NISKAYUNA—Flanked by government officials, including David Paterson, General Electric C.E.O. Jeff Immelt announced plans to build a $100 million battery manufacturing plant in the Capital Region.
The new factory would make batteries developed using a nickel-sodium technology and could power hybrid cars, locomotives or other large equipment. A press release said that the investment was contingent on a grant from the federal stimulus package, but Immelt said "it's going to go forward regardless" and he considered stimulus funds "an accelerator."
The hope is that the plant, which he said will create 350 "skilled-trades" jobs, will be under construction before the year's end and in production by 2011. The plants exact site has not yet been determined. Over 30 patents have been secured for the production of the nickel-sodium batteries, he said.
The New York State Energy Research and Development Authority is offering $2.5 million in incentives, and the Empire State Development Corporation is kicking in $12.5 million. Immelt said the size of the federal grant was "still in process."
Paterson and other politicians, of course, gushed over announcement of new jobs in an area that has lost so many.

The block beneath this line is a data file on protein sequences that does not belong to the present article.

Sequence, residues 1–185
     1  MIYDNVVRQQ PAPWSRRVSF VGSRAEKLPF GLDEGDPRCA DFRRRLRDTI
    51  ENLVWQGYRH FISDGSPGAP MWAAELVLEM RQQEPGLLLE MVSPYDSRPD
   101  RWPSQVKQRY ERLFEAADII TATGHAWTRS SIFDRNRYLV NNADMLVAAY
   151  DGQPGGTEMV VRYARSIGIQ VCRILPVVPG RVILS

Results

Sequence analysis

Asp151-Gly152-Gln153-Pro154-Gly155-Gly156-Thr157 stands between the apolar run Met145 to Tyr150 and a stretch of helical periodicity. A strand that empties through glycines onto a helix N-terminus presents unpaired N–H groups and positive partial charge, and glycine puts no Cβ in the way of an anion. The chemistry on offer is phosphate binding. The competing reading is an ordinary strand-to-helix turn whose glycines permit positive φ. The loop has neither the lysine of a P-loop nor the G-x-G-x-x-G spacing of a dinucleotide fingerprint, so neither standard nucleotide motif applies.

"This is, we think, how we're really going to reignite the engine of New York's economy," Paterson said, noting the creation last week of a new battery research consortium.
Senate Majority Leader Malcolm Smith called General Electric a "global corporate genius" and said "This is a great day for upstate New York. Welcome to the 21st Century."
Representatives Scott Murphy and Paul Tonko, whose district contains G.E.'s Global Research facility where the announcement was made, also expressed much excitement. Several Republican officials—State Senators Hugh Farley and Roy McDonald, Assemblyman George Amedore and Assembly Minority Leader Brian Kolb—also attended the event, but sat offstage. Other local officials, including Schenectady Mayor Brian Stratton and Schenectady County Legislature Chair Susan Savage, also attended.